No, 'we' haven't proven much. Some governmental agencies around the world have proven that THEY can orbit the Earth, while you and I haven't done all that much to participate in that (buttefly effect does not count for much here.) SpaceX is a first here. Generalization - tool of choice of any critic.

      • I don't see how are we more part of a private company for which most of us don't work or hold shares of, compared to a public project paid by us all.

        Not a criticism to SpaceX - I think achieving commercial viability is indispensable for future exploration, at least in our current economic system. But I'm not them.

        • by Teancum (67324)

          Until now the only place you could throw money down on the table to buy a ride into space was with RKK Energia and flying out of the Baikonur Cosmodrome. That was especially sad as it seems the former communists are the only ones who seem to understand capitalism and trying to fill a market demand.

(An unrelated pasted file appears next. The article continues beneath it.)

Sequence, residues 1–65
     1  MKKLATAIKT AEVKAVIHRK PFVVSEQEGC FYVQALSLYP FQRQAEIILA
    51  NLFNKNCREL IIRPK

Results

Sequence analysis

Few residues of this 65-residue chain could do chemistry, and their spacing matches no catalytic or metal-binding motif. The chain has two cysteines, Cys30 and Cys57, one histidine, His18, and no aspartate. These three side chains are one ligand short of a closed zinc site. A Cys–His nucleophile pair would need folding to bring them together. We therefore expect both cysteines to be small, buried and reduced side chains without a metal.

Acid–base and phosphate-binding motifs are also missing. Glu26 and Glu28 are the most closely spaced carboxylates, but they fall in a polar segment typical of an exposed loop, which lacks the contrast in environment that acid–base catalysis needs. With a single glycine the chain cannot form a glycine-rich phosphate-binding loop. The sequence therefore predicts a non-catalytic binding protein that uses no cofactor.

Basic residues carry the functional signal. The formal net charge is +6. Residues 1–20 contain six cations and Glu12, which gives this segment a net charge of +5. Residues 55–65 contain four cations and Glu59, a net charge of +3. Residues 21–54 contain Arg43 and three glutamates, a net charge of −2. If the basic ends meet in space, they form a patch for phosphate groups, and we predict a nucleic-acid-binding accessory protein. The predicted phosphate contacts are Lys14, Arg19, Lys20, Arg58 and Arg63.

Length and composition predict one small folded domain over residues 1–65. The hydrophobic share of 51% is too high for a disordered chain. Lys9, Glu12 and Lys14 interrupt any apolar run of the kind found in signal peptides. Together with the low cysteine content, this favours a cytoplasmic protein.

SpaceX is the first American company to do so, as none of the other spacecraft manufacturers were even permitted, as a matter of law, to be able to sell their spacecraft except to government agencies where only t

    • Well, as reported elsewhere... If SpaceX can secure the funding they will design and build a super heavy lift which would give them capability of 120mT - 140mT to orbit. They're floating a fixed price of $2.5B for development and building the initial flight hardware. That's cheap compared to the current proposals for heavy lift vehicles that NASA is floating. If they can arrange for the funding, that gives us a vehicle in the Saturn V class (again) and it's game on.
      • a fixed price of $2.5B for development and building the initial flight hardware

        I'm sure Paul Allen can scrape that much together. If he's not overly invested in Virgin Galactic.